Mrs. Roosevelt went as the representative of FDR, at the time he was president-elect, at the Boston funeral of former President Calvin Coolidge and then first briefly met Grace Coolidge. During World War II, the two women came together when Mrs. Coolidge hosted a reception for Mrs. Roosevelt who came to Northampton, Massachusetts for a meeting involving the WAVES, the Women Accepted for Volunteer Emergency Service, the US Navy’s Women Reserves corps, members of which Mrs. Coolidge permitted use of her home for housing and gatherings.
On at least two occasions while she was First Lady, Eleanor Roosevelt encountered her predecessor Frances Cleveland, by then remarried and known as Mrs. Preston. The first known occasion was when the First Lady gave a speech at Princeton, New Jersey where Frances Preston lived and the second documented time was at a formal dinner in New York, where Sara Roosevelt, the mother-in-law of Eleanor Roosevelt was also in attendance.
There were numerous occasions when Eleanor Roosevelt and Bess Truman were together, the latter first meeting the former at the White House when Harry Truman was serving as a U.S. Senator. Together they presided at the White House reception following the 1945 Inaugural ceremony giving FDR his fourth term and Truman as his vice president. During and after the Truman presidency, the two women were often together at Democratic Party events, and Eleanor Roosevelt also attended the opening festivities of the Truman Presidential Library.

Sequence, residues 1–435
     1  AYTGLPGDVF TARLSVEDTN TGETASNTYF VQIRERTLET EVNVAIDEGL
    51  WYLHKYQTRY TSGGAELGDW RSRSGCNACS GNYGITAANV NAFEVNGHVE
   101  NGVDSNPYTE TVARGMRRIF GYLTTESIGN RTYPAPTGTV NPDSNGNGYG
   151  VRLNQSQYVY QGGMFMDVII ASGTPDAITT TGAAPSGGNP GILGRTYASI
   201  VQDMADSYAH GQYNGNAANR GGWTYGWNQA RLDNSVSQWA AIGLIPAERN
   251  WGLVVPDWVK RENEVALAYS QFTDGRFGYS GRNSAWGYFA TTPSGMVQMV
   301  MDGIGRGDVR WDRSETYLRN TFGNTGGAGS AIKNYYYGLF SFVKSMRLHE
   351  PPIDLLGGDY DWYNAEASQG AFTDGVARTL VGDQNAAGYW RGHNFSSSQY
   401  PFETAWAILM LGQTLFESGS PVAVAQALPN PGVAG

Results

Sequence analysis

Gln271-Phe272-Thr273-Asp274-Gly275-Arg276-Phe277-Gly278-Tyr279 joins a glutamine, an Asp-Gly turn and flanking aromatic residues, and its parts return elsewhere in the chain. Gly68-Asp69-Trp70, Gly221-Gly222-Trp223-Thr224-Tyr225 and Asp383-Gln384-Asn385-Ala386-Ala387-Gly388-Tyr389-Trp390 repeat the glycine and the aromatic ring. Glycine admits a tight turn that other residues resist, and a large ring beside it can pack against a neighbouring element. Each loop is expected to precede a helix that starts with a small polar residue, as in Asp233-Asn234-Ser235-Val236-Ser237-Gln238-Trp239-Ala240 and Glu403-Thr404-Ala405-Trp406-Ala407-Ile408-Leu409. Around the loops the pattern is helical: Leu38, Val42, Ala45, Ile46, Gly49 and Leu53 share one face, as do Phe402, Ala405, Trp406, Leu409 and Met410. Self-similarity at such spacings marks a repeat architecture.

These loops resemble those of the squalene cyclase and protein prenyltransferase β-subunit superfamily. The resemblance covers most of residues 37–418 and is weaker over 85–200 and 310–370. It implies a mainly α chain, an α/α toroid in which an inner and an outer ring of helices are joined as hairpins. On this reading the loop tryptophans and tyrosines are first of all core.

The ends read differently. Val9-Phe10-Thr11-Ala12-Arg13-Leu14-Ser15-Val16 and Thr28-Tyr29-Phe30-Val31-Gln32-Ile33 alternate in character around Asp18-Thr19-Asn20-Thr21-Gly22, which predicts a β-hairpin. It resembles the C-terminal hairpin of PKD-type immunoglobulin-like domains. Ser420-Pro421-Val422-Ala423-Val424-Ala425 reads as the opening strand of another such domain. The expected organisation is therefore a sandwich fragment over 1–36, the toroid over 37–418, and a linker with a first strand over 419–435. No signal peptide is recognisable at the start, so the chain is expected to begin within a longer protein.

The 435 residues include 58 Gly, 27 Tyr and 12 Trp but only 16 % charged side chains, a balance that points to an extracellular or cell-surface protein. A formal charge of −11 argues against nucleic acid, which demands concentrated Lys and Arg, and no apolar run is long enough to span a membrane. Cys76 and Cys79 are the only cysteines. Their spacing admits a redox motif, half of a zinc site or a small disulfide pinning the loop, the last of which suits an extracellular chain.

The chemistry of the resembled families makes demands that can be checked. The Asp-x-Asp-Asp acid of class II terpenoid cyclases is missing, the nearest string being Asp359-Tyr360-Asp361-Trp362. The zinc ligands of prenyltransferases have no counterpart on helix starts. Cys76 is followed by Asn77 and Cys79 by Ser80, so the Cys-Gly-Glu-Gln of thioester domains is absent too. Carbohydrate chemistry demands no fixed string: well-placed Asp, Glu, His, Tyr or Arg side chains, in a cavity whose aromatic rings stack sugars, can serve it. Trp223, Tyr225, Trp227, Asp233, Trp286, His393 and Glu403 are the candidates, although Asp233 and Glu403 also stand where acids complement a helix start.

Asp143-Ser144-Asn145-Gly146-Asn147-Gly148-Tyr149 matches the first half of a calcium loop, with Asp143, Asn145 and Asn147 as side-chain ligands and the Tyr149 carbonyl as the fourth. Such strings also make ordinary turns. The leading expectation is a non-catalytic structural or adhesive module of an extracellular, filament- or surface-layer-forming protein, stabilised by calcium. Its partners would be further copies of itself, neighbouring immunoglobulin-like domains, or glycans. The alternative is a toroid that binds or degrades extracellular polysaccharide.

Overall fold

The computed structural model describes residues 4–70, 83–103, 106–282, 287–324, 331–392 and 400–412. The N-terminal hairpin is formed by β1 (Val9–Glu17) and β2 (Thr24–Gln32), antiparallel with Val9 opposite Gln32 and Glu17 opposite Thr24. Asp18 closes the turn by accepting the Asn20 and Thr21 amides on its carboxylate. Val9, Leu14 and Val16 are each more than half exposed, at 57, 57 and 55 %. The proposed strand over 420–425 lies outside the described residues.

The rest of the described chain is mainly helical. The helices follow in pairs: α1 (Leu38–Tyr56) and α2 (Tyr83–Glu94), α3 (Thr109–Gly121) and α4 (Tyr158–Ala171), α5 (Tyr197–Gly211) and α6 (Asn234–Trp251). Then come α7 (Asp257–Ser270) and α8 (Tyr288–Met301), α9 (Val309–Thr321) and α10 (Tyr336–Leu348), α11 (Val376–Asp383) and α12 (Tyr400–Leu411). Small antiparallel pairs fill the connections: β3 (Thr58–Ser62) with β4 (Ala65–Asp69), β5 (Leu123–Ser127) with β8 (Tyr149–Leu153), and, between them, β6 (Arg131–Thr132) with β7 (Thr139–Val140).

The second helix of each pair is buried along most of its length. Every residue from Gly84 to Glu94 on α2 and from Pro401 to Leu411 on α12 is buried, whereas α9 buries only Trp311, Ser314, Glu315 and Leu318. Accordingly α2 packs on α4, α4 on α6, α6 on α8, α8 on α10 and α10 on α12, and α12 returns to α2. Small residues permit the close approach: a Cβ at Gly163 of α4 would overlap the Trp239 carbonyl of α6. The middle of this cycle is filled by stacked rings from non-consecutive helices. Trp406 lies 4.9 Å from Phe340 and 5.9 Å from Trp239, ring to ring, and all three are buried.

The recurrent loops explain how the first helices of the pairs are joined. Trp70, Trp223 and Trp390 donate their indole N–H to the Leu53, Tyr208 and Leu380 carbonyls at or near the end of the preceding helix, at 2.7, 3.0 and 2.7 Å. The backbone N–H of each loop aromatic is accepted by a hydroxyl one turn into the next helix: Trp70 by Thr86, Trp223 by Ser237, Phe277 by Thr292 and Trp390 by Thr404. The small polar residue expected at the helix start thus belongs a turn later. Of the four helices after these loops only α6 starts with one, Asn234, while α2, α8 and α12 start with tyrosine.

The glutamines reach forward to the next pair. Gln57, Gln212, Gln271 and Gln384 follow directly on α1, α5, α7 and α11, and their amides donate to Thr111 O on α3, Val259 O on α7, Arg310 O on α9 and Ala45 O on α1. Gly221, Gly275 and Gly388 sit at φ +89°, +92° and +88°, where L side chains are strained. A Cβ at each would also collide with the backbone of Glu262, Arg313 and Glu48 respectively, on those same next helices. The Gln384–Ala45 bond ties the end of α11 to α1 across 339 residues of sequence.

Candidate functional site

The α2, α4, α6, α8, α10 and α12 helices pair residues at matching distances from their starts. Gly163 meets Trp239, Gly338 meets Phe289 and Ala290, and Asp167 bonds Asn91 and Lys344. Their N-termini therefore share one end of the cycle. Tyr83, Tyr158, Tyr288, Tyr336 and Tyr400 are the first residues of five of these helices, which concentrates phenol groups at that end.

As the wife of the Supreme Commander of the Allied Forces during World War II, Mamie Eisenhower had long admired Eleanor Roosevelt and kept an autographed picture of the First Lady signed for her on her mantlepiece alongside pictures of her family.
Mrs. Eisenhower even once served her when she was volunteering as a waitress at a serviceman’s center, and Mrs. Roosevelt the incumbent First Lady appeared unannounced to join some enlisted men for lunch. Later, when General Eisenhower was heading NATO, his wife and the former First Lady met in Paris at Barnard College’s dormitory for women’s students. They last saw each other at the 1961 Kennedy Inaugural ceremonies.
Jacqueline Kennedy’s first reaction to the 1945 death of President Roosevelt as a high student student was to think of the impact on Eleanor Roosevelt. As the wife of Massachusetts’s junior U.S. Senator and a leading contender for the Democratic presidential nomination, she joined her husband at numerous Democratic Party fundraisers in the 1950s, including one held to honor the former First Lady on her 75th birthday. During the 1960 presidential campaign, the joined together at a rally in Harlem, New York and both addressed the crowds from the podium.
Five women who served as First Lady after her death had also met Mrs. Roosevelt.
Lady Bird Johnson, as a young congressional spouse always recalled the “long, purposeful strides” of the First Lady as she arrived for an afternoon reception and she even filmed her with her home movie camera. She would also be invited with Congressman Johnson to dinner at the Roosevelt White House. During the 1950s, the two women were often together at Democratic Party events.
An avid admirer of Mrs. Roosevelt, it was while working in New York as an x-ray technician before her marriage that Pat Nixon met the First Lady on a reception line following her address to a hospital workers’ conference attended by the future First Lady.
Betty Ford only briefly met Mrs, Roosevelt when both attended the 1961 Kennedy Inaugural ceremony at the U.S. Capitol. She later named the First Lady along with her mother as her two role models.
Recalling it was nothing more than a handshake, Nancy Reagan’s one meeting with Eleanor Roosevelt took place backstage at the 1940 Democratic National Convention in Chicago, where the former grew up. she and her mother were guests of the mayor Ed Kelly, and he made the introduction.
As a young housewife, Barbara Bush met Eleanor Roosevelt in Texas, at the home of the latter’s granddaughter Chandler, the daughter of Elliott Roosevelt and a friend of Mrs. Roosevelt’s.